December 10, 2017A Man Called Ove
December 10, 2017What if I didn't favor NGDP targeting?
December 8, 2017My Excerpt in The Atlantic
December 7, 2017Cutting Corporate Tax Rates in 2018 or 2019: It Matters
December 7, 2017What's my core message?
December 7, 2017The Shining City on a Hill: Commentary on Reagan
December 6, 2017Average Federal Tax Rates by Income Quintile
December 6, 2017Why Addicts' Deaths Are Not a Social Cost of Opioid Consumption
December 6, 2017The Unbearable Arbitrariness of Deploring
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Frequently Asked Questions
While wrapping up my graphic novel, I wound up reading Ronald Reagan's famous Farewell Address - his "Shining City on a Hill" speech. Given my broader views, I obviously have some objections. But I was amazed to read an actual presidential speech where I agreed with entire paragraphs. Here's the abridged speech, with my commentary. Reagan's in blockquotes, I'm not.
Notice that Reagan is reflexively pro-refugee. He doesn't wonder if the
refugee is a Communist spy, warn that he's likely to go on welfare, or fret about a "clash of civilizations."
If you're inclined to treat Reagan's praise of "freedom" as platitudinous, read on.
On the economy: It's always good to see the "This time, the recession is permanent" crowd served a good helping of crow.
On foreign policy: Growing up in the 80s, many people took Reagan's warmonger status for granted. But it's striking how few people the U.S. military killed on his watch. Perhaps he moved the world a lot closer to nuclear war, but got lucky with Gorbachev; I honestly don't know.
Reagan conveniently overlooks the general fact that U.S. recessions always end, whether taxes happen to be high or low. At the time, many economists lamented his betrayal of free trade principles for the auto industry, but perhaps Reagan's general picture is still accurate.
What common sense really says is that military buildups are a big gamble. Maybe you'll scare your enemies into submission. Maybe you're provoke them into war. But later in the speech, Reagan seems to admit that he got really lucky.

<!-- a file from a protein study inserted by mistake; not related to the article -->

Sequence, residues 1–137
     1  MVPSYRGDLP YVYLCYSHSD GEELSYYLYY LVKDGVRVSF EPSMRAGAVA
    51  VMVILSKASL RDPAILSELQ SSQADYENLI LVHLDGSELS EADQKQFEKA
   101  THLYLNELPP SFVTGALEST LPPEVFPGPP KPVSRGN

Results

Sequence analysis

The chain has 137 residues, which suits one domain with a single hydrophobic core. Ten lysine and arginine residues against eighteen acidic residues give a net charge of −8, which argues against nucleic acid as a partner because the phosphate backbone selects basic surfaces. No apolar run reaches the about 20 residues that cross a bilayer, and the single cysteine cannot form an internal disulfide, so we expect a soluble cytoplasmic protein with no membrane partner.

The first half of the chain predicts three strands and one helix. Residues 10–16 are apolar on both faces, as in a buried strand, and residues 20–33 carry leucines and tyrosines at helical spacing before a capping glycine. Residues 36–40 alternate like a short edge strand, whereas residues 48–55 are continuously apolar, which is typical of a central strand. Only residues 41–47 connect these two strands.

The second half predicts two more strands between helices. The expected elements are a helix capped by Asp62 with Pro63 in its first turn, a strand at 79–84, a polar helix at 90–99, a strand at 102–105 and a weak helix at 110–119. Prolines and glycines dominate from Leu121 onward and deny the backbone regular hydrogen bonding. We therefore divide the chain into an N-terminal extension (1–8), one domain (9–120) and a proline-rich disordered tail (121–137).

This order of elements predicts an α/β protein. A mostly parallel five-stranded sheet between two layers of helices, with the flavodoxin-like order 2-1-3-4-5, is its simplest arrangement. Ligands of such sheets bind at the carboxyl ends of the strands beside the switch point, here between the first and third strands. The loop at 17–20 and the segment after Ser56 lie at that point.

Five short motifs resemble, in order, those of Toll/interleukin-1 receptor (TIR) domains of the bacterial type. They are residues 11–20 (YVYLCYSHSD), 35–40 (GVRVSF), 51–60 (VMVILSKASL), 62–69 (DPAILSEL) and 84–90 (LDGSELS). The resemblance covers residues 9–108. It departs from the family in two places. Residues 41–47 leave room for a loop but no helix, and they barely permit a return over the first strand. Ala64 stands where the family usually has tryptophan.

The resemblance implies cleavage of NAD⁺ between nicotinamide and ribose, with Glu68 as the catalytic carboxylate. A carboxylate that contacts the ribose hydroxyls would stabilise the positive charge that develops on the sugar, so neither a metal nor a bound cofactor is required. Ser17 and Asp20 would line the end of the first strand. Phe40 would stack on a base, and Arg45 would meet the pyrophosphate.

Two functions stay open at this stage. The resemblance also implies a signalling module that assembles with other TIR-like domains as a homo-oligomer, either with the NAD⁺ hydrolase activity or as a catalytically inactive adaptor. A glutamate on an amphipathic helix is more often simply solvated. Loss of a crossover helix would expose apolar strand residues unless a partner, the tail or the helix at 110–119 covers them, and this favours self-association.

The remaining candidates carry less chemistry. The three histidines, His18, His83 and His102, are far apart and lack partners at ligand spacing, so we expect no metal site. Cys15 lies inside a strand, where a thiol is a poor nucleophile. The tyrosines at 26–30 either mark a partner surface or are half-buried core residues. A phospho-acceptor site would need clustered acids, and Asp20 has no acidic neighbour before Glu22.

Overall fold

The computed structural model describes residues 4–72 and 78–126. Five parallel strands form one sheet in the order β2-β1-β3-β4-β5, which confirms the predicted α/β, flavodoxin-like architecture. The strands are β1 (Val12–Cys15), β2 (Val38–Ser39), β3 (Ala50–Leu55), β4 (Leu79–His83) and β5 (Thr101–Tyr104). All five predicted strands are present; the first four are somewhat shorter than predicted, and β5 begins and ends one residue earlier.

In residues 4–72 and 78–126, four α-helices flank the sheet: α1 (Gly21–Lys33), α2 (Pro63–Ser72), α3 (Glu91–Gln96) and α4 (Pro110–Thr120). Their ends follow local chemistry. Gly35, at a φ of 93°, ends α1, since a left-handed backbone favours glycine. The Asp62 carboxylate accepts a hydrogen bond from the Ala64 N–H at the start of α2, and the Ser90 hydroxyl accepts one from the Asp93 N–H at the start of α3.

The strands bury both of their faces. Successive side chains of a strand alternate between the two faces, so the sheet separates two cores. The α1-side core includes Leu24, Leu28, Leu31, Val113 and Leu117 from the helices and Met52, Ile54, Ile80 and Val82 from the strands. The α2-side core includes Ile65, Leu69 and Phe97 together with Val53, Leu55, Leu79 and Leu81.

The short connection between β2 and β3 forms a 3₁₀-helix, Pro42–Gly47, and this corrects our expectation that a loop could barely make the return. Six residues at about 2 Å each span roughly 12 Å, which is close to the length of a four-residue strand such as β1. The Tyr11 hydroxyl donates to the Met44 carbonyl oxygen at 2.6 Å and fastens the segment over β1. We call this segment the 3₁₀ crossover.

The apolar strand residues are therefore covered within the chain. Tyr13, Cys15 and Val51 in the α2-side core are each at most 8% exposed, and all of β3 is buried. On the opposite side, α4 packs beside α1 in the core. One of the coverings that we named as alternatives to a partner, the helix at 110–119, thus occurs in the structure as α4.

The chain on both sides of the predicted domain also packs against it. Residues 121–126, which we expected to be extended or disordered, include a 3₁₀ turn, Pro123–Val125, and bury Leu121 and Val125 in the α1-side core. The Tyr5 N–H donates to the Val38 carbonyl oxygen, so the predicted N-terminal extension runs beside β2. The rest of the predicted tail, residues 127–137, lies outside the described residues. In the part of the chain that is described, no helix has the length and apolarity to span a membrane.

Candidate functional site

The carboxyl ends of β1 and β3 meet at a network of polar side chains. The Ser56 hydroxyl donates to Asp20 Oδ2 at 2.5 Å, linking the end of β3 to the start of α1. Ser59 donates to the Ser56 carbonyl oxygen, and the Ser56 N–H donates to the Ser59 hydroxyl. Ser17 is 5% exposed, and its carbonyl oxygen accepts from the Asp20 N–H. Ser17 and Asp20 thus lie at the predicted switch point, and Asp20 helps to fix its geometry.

Long-run Economic Freedom of the World scores bear Reagan out on economic freedom. I'm pretty sure the same goes for global free speech, but I can't readily find measures that go back to the 80s.
Reagan indulges in the standard American conflation of freedom and democracy, but he errs in the right direction, slighting democracy to the profit of freedom.
Notice that Reagan doesn't even claim that he somehow induced the Soviets to put a reformer in charge. They just happened to do so on Reagan's watch. And once Gorbachev was in power, what difference did Reagan's military buildup really make? Indeed, one of the few things that might have stalled Gorbachev's reforms is if Reagan failed to gamble on peace.
I'm tempted to say, "America's children clearly failed." But from all the data I've seen, Reagan was just romanticizing earlier generations of Americans. Freedom of speech, freedom of religion, and freedom of enterprise have long enjoyed widespread lip service. But the more specific the question, the more statist Americans look.
Bad though poetic example. In fact, the Pilgrims established a brutal theocracy in Plymouth Colony: "There were several crimes that carried the death penalty: treason, murder, witchcraft, arson, sodomy, rape, bestiality, adultery, and cursing or smiting one's parents."
Amazingly, this passage all but demands open borders. "And if there had to be city walls..." strongly suggest a longing for no walls at all. Doors "open to anyone with the will and heart to get here" is hard to interpret as anything but support for migrational laissez-faire. And the phrase "teeming with people of all kinds living in harmony and peace" reveals tremendous optimism about the likely effects of even extreme cultural and ethnic diversity.
Or in modern parlance, #RefugeesWelcome.
P.S. Reagan's Farewell Address was written by Peggy Noonan, whom I've criticized elsewhere.